How to Improve Your Relationship with Money

Guest Post: Leah Hadley Certified Divorce Financial Analyst, Master Analyst in Financial Forensics, Mediator

How is your relationship with money? Have you ever stopped to think about what you believe about money and how that could be impacting your relationship with it? I often find that clients don’t even recognize the way their beliefs about money are impacting their ability to achieve financial success. Oprah Winfrey once said, “You become what you believe – not what you wish or want but what you truly believe. Wherever you are in life, look at your beliefs. They put you there.”

Common limiting beliefs about money

 What does money mean to you? 

What does money mean to you? 

As I work with clients on attracting abundance and achieving financial success, there is no shortage of limiting beliefs when it comes to money. Here are some of the common ones:

  • I’m not good with money.
  • Money is a limited resource. 
  • Money is the root of all evil.
  • I’m not enough (could be I’m not smart enough or I’m not pretty enough or a host of other adjectives).
  • I have to work hard for money.
  • More money means more problems.

Beliefs about money are formed by some of our earliest money memories.

I am fortunate that many of my early money memories are positive ones. For example, I remember when we were children, my best friend and I would do extra chores around her house or mine for a little money. We would get paid $0.50 or if it was a big job, maybe $1. We would then ride our bikes up to a small drug store (that has since closed) and we would buy candy that cost $0.05 or $0.10. At $0.05 or $0.10 a piece, we were able to buy quite a bit of candy. It felt like we were living in Willy Wonka's factory. When I think of how I felt at that time, I would use words like happy, independent, free, and proud (of our hard work). As a result, those are feelings I associate with money.

Through my work, I have heard from many others who did not have positive experiences with money early on. I often hear that individuals connect money with shame as they remember experiences when they were embarrassed not to be able to have what their friends had or do what their friends were doing because of a lack of money. Others share that they really did not have an awareness of money in their early years as it was not a subject discussed in their families. 

What are your earliest money memories?

Regardless of whether they are positive, neutral or negative, it is helpful to be aware of how your early money memories might be impacting your financial decisions today. This is also a major challenge that arises with couples, as frequently husbands and wives are raised with different beliefs and values regarding money. It does not mean that one is right or wrong but you may find that identifying the deeper issue is helpful to limiting and/or solving financial disagreements.

I encourage you to make a list of your earliest money memories. This is a great journaling activity. Review your list and consider how these memories are impacting your relationship with money today. Identify how each of these early money memories make you feel. Do your current beliefs about money support a healthy flow of abundance or could they be limiting the flow of money into your life?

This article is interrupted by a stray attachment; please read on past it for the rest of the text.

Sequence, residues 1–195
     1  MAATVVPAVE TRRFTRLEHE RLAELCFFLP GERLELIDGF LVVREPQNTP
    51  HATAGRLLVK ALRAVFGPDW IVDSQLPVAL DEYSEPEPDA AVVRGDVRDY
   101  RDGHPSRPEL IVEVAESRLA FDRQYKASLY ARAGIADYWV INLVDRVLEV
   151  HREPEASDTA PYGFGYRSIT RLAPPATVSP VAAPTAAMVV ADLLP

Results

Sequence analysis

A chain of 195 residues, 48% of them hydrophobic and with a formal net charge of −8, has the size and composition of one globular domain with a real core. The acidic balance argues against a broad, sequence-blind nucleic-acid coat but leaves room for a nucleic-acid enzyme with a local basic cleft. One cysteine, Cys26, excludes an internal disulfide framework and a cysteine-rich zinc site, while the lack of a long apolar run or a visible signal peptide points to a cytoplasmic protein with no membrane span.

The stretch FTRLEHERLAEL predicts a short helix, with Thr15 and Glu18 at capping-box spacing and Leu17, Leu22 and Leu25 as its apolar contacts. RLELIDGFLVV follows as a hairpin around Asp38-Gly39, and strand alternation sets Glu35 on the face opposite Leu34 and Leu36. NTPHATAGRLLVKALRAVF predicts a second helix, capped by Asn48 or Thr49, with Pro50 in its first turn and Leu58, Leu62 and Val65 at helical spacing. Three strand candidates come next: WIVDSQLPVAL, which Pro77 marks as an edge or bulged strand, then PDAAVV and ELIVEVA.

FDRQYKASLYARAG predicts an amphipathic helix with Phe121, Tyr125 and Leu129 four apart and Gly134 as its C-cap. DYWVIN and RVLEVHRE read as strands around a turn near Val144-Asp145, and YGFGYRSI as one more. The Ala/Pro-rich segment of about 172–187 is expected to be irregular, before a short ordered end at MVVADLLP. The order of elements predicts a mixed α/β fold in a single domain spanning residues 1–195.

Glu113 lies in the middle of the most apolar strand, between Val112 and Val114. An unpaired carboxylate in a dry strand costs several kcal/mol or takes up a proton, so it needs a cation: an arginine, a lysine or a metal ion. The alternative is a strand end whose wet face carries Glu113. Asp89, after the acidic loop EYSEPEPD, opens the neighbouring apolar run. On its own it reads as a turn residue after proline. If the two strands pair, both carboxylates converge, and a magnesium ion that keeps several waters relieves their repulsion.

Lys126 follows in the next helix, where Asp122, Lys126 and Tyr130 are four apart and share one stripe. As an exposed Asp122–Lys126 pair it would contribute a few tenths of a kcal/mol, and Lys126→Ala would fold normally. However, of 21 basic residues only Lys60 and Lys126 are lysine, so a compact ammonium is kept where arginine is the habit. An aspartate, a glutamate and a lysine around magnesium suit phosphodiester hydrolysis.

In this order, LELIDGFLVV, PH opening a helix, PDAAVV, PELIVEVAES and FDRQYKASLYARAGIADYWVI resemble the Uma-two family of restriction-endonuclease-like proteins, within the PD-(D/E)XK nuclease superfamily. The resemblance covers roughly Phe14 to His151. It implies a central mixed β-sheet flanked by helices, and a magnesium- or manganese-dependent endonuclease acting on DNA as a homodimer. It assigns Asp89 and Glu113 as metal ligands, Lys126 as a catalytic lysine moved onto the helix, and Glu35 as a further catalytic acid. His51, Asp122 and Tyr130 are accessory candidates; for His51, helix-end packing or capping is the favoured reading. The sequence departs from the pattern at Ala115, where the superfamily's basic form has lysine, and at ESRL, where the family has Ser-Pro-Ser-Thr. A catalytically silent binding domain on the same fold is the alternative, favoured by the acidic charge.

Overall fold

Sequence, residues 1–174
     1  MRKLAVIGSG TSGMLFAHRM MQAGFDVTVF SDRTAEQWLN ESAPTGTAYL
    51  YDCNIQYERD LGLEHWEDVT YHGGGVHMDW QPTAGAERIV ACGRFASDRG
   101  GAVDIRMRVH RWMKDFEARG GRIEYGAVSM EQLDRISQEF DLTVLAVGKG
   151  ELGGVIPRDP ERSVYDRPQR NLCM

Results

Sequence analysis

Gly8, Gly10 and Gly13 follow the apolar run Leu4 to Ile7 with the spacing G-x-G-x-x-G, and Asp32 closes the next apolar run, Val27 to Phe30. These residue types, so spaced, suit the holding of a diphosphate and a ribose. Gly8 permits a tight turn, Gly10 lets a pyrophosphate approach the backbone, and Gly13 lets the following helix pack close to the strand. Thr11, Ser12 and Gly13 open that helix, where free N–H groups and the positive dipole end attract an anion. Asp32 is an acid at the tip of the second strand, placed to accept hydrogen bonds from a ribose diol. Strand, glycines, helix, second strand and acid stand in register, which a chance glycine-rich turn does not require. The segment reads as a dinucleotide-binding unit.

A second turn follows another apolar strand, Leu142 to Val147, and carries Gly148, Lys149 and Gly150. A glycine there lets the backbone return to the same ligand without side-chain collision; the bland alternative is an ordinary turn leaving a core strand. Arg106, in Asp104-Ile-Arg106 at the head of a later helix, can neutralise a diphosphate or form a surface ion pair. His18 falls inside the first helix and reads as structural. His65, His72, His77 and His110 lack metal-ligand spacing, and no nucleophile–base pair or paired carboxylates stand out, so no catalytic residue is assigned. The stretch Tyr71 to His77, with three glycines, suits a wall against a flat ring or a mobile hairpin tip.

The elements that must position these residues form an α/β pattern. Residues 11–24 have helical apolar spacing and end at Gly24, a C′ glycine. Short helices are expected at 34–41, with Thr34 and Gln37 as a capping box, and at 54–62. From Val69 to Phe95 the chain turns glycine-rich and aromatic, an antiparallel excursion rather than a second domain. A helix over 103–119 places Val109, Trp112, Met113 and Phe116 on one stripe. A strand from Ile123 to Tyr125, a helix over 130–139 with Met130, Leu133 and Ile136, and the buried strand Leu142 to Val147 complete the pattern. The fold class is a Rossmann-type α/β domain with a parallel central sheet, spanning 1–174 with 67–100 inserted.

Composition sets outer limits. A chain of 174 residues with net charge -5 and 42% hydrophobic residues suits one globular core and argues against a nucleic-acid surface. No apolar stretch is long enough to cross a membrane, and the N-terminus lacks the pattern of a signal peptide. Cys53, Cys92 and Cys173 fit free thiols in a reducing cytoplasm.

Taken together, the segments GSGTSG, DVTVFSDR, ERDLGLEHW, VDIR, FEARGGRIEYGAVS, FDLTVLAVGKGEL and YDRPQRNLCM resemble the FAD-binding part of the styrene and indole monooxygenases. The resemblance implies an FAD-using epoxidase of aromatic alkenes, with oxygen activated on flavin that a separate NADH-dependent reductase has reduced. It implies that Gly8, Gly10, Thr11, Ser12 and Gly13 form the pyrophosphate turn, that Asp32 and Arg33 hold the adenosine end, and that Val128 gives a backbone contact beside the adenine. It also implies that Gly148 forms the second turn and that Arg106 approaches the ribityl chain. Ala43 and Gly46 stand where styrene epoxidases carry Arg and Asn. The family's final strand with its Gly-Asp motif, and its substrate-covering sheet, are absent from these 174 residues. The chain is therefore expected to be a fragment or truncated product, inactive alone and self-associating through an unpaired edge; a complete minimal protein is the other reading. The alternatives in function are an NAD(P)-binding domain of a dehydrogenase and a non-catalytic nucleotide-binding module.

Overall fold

Eliminating negative beliefs about money

One powerful tool to help release negative beliefs about money is Emotional Freedom Techniques (EFT), also sometimes known as tapping. EFT combines what we know of acupressure and the body's flow of energy, which has been used for thousands of years, and modern psychology or talk therapy. EFT is simple enough to do on your own as part of your daily self-care practice. Often, people choose to use EFT with a practitioner or in a group program at first until they feel confident doing it on their own. For a brief introduction to EFT, visit www.eftwithleah.com.

Positive money mindset beliefs

One of the things we do when using EFT is replace limiting beliefs with those that support a more positive outcome. If there are beliefs that limit our ability to attract abundance, then it’s helpful to know what positive beliefs can support our ability to attract abundance.

Examples of how you can turn limiting beliefs around:

  1. “Money is a limited resource.” / “There is enough money for everyone who is open to receiving it.”
  2. “More money means more problems.” / “More money means more opportunities.”
  3. “I have to work hard to earn more money.” / “I easily create value and am paid accordingly.”
  4. “Money is the root of all evil.” / “Money is a resource that allows me to have a greater positive impact on the world.”

Anchoring New Beliefs

A daily EFT practice can be an awesome way to reinforce your new more positive beliefs. However, even with the best of intentions, sometimes our old thought patterns can be stubborn and it's easy to slip back. Consider anchoring your new beliefs with visual reminders. For example, you can write your new beliefs about money and place them in key spaces such as next to your bed or on your bathroom mirror. Remember that you have had many years to reinforce your old limiting belief. Be patient with yourself as you replace that with a more positive belief about money. Before you know it, your relationship with money will be much improved.

Leah Hadley is President of Great Lakes Divorce Financial Solutions. You can reach her by clicking this link